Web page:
6. The mother should lovingly but firmly make sure her children recite the Qur’an daily. This job should not be delegated to just the maulvi sahib. Even if the children’s Qur’an teacher doesn’t come (or after they grow up and he stops coming to teach them), they should know that their mother/parents will still expect them to read at least a little of the Qur’an daily.
7. Telling the children repeatedly that, as their parents, you will expect them to continue their Qur’an education even as teenagers and adults e.g. by attending a course or lectures given by scholars at masajid. The parents should ingrain the belief in their children that seeking knowledge of the Qur’an is a lifelong process. Of course, they should practically embody this belief themselves, in their own lives.
8. Not being careless or lax when your child makes a mistake whilst reciting the Qur’an. I am very particular about this. Even seemingly “small” tajweed errors must be corrected. This is the best thing you can do for them, because after a little child crosses a certain age, they dislike being corrected, even by their own parents. So strike while the iron is hot, and do not let your children make even small mistakes in tajweed. Of course, this means that the tajweed of the parents, especially the mother’s, should be very good as well. Cue points number 1 and 4 above, viz. if the mother is strict regarding her own tajweed, she will be the same way with that of her children.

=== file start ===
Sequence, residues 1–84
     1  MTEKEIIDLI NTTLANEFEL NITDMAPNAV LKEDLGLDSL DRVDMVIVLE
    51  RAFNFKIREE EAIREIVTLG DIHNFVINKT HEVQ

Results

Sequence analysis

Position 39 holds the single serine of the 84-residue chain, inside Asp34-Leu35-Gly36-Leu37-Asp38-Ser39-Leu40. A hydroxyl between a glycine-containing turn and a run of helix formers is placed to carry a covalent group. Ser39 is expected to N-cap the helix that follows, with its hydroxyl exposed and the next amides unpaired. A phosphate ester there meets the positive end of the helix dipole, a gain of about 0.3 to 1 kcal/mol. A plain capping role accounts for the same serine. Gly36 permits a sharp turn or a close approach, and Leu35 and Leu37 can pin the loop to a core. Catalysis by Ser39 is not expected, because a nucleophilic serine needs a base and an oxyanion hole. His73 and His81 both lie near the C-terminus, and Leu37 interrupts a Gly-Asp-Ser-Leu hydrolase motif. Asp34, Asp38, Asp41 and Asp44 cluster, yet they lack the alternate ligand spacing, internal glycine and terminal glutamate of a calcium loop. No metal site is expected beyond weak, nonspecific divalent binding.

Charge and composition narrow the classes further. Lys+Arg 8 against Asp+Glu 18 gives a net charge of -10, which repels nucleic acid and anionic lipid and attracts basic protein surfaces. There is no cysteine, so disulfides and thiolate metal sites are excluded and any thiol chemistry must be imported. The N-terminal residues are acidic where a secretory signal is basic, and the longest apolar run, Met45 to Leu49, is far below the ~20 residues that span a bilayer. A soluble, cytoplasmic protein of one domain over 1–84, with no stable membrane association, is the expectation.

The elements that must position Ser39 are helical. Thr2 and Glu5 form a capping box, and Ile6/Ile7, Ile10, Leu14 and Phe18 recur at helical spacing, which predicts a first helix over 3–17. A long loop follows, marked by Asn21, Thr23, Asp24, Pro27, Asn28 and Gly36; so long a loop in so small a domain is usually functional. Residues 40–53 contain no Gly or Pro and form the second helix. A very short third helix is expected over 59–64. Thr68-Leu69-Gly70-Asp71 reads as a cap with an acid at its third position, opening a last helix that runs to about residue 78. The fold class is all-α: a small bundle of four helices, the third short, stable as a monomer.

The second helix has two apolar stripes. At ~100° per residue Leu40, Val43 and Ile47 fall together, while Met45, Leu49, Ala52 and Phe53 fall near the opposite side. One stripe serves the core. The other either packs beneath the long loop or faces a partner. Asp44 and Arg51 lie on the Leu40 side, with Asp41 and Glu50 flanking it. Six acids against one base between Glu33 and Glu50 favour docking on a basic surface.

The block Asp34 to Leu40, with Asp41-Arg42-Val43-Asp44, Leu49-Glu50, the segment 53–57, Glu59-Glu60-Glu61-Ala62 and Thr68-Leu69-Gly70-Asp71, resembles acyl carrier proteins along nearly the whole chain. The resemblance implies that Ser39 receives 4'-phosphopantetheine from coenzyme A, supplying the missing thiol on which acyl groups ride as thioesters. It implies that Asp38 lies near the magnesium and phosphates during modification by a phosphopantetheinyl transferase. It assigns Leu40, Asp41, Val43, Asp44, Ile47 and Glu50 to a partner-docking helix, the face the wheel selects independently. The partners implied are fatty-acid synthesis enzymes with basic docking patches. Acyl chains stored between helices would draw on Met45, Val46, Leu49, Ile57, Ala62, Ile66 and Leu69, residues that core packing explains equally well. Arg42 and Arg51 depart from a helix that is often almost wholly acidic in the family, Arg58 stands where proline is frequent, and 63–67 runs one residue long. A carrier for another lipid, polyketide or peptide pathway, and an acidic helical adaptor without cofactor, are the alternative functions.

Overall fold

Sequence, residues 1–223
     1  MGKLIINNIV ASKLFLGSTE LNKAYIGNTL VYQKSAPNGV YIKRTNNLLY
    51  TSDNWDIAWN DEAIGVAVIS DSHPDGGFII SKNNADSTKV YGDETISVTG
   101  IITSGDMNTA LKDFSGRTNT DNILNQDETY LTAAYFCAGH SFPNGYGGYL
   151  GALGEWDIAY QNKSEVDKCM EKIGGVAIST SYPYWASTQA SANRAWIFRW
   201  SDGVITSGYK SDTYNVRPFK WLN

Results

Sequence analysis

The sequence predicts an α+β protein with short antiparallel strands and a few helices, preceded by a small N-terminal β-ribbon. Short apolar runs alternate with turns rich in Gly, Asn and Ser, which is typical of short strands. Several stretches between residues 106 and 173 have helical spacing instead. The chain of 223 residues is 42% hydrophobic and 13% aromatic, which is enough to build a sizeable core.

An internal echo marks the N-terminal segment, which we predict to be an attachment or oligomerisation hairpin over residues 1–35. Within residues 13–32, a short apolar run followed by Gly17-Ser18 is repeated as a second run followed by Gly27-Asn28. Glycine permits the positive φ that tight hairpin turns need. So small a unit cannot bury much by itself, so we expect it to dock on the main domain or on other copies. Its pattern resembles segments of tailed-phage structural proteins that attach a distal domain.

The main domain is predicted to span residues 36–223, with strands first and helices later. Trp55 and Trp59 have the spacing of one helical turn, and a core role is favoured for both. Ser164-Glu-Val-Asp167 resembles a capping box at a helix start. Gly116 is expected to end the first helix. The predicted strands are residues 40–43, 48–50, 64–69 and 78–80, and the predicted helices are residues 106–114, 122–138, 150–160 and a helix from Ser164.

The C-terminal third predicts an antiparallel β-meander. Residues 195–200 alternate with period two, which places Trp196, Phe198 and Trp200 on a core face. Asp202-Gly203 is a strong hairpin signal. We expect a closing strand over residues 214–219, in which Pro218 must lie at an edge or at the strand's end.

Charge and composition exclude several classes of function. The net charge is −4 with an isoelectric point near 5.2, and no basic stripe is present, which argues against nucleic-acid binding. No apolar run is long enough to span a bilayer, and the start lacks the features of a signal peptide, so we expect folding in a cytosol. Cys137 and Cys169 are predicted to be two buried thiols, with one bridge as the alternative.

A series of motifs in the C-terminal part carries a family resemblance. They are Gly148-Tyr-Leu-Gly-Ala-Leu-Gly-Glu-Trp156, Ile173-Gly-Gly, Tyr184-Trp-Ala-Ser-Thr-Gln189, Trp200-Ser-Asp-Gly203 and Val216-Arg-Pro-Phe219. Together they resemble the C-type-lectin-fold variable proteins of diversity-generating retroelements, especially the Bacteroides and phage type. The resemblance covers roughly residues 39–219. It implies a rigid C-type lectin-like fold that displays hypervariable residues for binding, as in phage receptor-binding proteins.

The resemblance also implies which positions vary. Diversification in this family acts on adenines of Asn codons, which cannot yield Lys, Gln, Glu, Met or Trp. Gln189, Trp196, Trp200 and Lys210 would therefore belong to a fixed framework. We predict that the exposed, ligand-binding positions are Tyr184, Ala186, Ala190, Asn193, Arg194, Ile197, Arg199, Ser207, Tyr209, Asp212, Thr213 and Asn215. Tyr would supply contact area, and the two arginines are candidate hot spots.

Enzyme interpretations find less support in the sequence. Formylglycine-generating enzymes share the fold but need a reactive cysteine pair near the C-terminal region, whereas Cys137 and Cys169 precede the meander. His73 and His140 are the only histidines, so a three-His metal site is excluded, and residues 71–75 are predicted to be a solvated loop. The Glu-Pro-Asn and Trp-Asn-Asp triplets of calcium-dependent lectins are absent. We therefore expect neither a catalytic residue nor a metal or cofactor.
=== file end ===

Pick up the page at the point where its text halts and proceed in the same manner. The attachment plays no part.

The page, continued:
I hope this makes this issue clearer for you. 🙂
JazakAllahu khairan for the detailed response. .now all thats left is doing the above inshaAllah:)
Inspiring article..jazakillah..it really forced me th think deeply along these lines..
One thing i wud like to ask, however, is ,wat do u thnk about the role of fathers? V cant make it their vision if they themselves dont…n kids get greatly influenced by their fathers even tho they spend not as much time wid thm as wid their moms…
I agree. Fathers play a very important role in fulfilling the Qur’an goals for any family, especially when the children are a little older viz. above age 7-10.
Mothers’ role is more important for younger children, however, she cannot fulfil loftier Qur’an goals for her children without her husband’s support, except with a lot of hard work and effort.
And Allah knows best.
[…] achieving our family’s Qur’an vision (for more on what that a Quran vision is, read this article). Part of that vision involves my children falling in love with reading Allah’s Book. I […]
[…] article was first published on sadaffarooqi.com and it’s republished here after the kind permission of the […]
Very Nice Article About Family Form Quran
Here are some more Quran Online Academy https://qtstutor.com
Loved reading thhis thanks